keywords = "Cross Laminated Timber (CLT), wall system, timber connections, timber engineering, earthquake, Ductility",
    author = "Georg Flatscher",
    year = "2017",
    month = "5",
    language = "English",
    school = "Graz University of Technology (90000)",

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    TY - THES

    T1 - Evaluation and approximation of timber connection properties for displacement-based analysis of CLT wall systems

    AU - Flatscher, Georg

    PY - 2017/5

    Y1 - 2017/5

    N2 - Aiming a comprehensive analysis of laterally loaded cross laminated timber (CLT) wall systems, the present thesis discusses two core topics. Initially, due to their major influence, the evaluation and approximation of timber connection properties are spotted. In particular, basing on an extensive discussion of already available methods, alternatives for determining the initial stiffness and ductility of timber joints are proposed. Furthermore, a capable displacement-based approach, able to approximate the entire course of even complex load-displacement relationships, is developed.Subsequently, the focus is set on CLT wall systems. Besides a brief summary of currently applied calculation models, a new displacement-based method for predicting the load-displacement behaviour of wall diaphragms is proposed. In order to consider the nonlinear behaviour of connections, the afore-developed continuous function is used. The actual quality of the suggested wall model is verified by experimental results gathered from full scale wall tests, conducted at three independent research facilities. The positive outcome of this validation process consequently permits the use of the proposed model for a comprehensive parameter study.Within the last part of the present thesis it is examined how several factors as, e.g., the wall length, vertical joints, different connections or the vertical load may affect the behaviour of CLT wall systems. Moreover, different approaches for determining the lateral load distribution on CLT wall diaphragms within one floor are discussed.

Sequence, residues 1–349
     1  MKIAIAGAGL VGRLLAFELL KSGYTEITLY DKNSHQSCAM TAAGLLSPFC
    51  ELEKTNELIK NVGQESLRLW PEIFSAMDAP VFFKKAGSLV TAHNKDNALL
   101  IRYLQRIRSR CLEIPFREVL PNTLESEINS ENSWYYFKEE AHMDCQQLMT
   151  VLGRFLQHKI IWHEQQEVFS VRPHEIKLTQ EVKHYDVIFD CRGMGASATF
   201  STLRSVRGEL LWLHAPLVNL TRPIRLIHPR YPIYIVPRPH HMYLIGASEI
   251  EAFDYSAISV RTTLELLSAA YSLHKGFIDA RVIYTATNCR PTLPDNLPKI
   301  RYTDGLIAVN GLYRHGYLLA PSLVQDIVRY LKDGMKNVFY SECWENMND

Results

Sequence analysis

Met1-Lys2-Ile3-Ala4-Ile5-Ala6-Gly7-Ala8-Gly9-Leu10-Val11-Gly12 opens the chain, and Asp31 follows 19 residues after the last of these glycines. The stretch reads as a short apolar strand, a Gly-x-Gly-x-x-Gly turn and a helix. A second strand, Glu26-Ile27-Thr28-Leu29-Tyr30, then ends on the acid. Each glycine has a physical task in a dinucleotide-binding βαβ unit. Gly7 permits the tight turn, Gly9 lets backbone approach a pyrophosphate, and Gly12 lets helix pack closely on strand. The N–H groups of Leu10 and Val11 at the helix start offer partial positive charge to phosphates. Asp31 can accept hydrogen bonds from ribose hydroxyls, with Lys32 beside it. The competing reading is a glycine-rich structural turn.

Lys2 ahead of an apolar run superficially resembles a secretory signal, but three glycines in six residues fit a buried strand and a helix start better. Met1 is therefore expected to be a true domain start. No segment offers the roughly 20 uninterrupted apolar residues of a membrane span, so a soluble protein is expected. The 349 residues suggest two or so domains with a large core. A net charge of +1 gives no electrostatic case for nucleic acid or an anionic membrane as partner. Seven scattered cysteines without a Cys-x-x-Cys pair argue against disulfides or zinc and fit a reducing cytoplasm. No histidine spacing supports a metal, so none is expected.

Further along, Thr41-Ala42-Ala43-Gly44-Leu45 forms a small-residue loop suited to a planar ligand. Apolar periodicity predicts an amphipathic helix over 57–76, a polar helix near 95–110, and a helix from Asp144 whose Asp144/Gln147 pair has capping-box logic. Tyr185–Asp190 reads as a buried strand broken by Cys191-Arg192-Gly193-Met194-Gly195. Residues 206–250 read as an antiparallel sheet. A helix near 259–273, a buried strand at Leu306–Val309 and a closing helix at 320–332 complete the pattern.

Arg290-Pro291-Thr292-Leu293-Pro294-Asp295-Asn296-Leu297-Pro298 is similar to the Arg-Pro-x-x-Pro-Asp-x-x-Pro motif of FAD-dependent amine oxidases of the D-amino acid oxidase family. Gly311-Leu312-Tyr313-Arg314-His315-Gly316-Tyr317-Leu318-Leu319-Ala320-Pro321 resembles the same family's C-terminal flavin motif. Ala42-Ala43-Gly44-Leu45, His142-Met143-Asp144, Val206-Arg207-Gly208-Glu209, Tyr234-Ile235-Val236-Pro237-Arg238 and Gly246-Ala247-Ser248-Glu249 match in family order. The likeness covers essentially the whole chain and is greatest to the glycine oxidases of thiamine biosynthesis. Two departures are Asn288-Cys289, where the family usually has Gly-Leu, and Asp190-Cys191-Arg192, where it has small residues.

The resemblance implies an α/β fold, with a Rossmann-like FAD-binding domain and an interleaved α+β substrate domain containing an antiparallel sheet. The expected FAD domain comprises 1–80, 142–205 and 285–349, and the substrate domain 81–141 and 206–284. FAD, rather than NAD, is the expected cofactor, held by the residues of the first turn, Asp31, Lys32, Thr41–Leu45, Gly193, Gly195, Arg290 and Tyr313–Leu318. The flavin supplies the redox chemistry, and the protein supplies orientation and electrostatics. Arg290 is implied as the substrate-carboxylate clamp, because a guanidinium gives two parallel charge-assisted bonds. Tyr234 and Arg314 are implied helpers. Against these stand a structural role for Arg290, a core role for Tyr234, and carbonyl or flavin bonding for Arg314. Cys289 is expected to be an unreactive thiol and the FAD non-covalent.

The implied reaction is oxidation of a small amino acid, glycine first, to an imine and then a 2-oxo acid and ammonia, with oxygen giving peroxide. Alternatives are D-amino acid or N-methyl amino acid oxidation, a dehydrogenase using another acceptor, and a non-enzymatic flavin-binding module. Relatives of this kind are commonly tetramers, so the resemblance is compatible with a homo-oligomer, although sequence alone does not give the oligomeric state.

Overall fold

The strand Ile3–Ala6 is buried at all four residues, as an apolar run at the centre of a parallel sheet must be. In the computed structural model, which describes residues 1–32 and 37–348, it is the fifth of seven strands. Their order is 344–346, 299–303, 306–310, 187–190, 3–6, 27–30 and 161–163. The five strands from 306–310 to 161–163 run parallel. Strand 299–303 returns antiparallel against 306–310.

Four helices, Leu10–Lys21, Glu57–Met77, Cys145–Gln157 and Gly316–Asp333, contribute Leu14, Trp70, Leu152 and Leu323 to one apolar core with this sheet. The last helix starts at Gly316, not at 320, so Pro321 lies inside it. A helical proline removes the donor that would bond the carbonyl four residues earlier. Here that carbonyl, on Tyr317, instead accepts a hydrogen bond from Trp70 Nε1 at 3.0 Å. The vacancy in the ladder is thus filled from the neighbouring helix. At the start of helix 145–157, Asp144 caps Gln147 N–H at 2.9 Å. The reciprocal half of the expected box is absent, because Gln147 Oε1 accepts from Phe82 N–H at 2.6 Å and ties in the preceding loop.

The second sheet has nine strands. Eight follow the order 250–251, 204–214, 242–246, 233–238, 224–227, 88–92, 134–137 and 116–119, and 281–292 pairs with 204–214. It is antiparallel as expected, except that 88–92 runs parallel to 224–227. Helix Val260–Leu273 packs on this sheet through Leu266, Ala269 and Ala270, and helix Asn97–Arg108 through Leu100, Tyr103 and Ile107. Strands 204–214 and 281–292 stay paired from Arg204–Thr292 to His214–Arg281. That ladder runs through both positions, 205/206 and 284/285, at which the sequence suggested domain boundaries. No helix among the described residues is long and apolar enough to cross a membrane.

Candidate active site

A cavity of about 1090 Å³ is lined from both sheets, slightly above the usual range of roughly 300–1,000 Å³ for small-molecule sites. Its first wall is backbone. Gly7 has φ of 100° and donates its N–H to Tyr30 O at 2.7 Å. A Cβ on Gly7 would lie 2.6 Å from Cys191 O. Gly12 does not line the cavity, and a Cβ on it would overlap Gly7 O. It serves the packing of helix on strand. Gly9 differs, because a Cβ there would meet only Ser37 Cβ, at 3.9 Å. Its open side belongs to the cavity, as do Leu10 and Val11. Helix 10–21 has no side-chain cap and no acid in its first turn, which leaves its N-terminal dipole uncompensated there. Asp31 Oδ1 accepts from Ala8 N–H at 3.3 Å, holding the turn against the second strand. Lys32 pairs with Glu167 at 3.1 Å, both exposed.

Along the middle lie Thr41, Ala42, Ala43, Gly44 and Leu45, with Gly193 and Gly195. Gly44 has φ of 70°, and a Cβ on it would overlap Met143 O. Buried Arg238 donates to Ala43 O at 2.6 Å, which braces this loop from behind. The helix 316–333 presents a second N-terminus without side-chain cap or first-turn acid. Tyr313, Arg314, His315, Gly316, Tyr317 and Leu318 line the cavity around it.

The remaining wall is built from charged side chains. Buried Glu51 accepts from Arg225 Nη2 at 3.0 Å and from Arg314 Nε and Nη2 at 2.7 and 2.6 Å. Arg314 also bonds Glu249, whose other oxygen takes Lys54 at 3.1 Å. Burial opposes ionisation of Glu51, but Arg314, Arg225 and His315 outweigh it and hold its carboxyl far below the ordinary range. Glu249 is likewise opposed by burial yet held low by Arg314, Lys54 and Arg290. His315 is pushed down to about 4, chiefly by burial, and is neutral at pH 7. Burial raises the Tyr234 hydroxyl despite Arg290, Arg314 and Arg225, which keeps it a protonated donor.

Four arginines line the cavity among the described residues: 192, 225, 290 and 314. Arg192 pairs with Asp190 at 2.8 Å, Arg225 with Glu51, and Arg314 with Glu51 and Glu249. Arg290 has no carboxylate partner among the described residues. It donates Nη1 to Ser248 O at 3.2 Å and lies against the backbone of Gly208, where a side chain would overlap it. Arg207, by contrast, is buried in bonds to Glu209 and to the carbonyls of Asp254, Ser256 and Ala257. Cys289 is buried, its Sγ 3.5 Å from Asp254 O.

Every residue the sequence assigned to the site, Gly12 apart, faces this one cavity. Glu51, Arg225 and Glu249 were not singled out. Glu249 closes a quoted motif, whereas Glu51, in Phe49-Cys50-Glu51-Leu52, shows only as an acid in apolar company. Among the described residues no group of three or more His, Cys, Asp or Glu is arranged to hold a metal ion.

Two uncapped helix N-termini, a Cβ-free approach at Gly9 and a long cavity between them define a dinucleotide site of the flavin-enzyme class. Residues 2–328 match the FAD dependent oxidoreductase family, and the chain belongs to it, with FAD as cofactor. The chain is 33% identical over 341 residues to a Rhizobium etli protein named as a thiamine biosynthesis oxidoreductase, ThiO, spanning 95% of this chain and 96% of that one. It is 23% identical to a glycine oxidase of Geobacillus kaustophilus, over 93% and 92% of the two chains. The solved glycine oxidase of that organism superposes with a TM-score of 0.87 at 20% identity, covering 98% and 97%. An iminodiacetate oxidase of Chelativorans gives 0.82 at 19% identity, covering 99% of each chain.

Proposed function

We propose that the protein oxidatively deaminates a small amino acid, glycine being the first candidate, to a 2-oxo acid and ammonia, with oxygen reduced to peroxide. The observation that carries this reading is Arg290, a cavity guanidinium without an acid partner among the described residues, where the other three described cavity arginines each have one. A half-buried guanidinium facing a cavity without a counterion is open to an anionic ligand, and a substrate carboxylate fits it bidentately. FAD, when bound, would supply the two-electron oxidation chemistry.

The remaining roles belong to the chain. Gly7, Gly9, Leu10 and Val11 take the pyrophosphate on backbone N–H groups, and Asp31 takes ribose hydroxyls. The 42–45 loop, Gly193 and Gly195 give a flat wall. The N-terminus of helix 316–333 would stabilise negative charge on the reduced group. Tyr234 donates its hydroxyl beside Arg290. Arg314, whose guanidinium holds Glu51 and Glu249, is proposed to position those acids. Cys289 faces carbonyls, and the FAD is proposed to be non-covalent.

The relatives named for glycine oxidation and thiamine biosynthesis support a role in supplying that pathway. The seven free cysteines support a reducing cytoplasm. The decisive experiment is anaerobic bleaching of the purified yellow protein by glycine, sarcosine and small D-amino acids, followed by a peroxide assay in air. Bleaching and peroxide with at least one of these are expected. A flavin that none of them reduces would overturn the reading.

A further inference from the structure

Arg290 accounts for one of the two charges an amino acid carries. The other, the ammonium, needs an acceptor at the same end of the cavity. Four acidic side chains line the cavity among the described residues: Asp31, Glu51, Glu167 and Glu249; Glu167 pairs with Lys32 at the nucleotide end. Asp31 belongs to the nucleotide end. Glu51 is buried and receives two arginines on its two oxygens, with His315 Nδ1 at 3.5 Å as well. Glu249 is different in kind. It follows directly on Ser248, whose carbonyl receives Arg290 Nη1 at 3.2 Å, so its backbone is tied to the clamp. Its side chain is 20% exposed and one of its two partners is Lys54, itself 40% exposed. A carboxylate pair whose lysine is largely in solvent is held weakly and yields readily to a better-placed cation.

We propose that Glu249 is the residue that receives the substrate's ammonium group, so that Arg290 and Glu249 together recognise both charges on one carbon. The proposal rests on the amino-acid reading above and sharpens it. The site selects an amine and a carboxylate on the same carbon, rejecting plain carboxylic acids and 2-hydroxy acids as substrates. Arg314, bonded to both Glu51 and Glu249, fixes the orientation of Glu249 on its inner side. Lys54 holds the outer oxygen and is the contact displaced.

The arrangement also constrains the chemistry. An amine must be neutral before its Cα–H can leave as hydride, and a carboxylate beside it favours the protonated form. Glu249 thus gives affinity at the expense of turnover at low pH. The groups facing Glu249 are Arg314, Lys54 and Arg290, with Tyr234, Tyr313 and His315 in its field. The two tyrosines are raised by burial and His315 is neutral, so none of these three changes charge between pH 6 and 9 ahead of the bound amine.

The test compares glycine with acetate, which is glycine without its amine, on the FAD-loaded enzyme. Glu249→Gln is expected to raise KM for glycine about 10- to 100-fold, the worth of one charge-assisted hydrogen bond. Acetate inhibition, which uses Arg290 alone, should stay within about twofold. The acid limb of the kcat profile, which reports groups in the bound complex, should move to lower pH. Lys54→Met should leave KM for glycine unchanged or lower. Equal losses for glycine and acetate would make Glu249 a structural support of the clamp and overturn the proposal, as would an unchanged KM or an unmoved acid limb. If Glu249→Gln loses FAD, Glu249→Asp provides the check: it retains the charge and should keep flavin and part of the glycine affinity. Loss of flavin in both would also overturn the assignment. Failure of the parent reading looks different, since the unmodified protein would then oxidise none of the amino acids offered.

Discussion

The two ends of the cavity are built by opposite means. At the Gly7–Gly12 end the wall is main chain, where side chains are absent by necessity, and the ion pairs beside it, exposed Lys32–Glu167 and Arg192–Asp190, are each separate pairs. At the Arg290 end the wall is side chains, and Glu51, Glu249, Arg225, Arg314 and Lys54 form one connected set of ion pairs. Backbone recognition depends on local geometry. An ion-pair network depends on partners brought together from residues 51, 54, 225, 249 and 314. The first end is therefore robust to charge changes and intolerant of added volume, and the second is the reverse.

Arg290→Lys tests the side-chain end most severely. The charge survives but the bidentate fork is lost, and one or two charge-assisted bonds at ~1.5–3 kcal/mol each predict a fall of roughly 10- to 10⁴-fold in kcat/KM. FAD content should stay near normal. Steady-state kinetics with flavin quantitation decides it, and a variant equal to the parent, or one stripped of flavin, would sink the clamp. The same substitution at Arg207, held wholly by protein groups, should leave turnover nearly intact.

AB - Aiming a comprehensive analysis of laterally loaded cross laminated timber (CLT) wall systems, the present thesis discusses two core topics. Initially, due to their major influence, the evaluation and approximation of timber connection properties are spotted. In particular, basing on an extensive discussion of already available methods, alternatives for determining the initial stiffness and ductility of timber joints are proposed. Furthermore, a capable displacement-based approach, able to approximate the entire course of even complex load-displacement relationships, is developed.Subsequently, the focus is set on CLT wall systems. Besides a brief summary of currently applied calculation models, a new displacement-based method for predicting the load-displacement behaviour of wall diaphragms is proposed. In order to consider the nonlinear behaviour of connections, the afore-developed continuous function is used. The actual quality of the suggested wall model is verified by experimental results gathered from full scale wall tests, conducted at three independent research facilities. The positive outcome of this validation process consequently permits the use of the proposed model for a comprehensive parameter study.Within the last part of the present thesis it is examined how several factors as, e.g., the wall length, vertical joints, different connections or the vertical load may affect the behaviour of CLT wall systems. Moreover, different approaches for determining the lateral load distribution on CLT wall diaphragms within one floor are discussed.

    KW - Cross Laminated Timber (CLT)

    KW - wall system

    KW - timber connections

    KW - timber engineering

    KW - earthquake

    KW - Ductility

    M3 - Doctoral Thesis

    ER -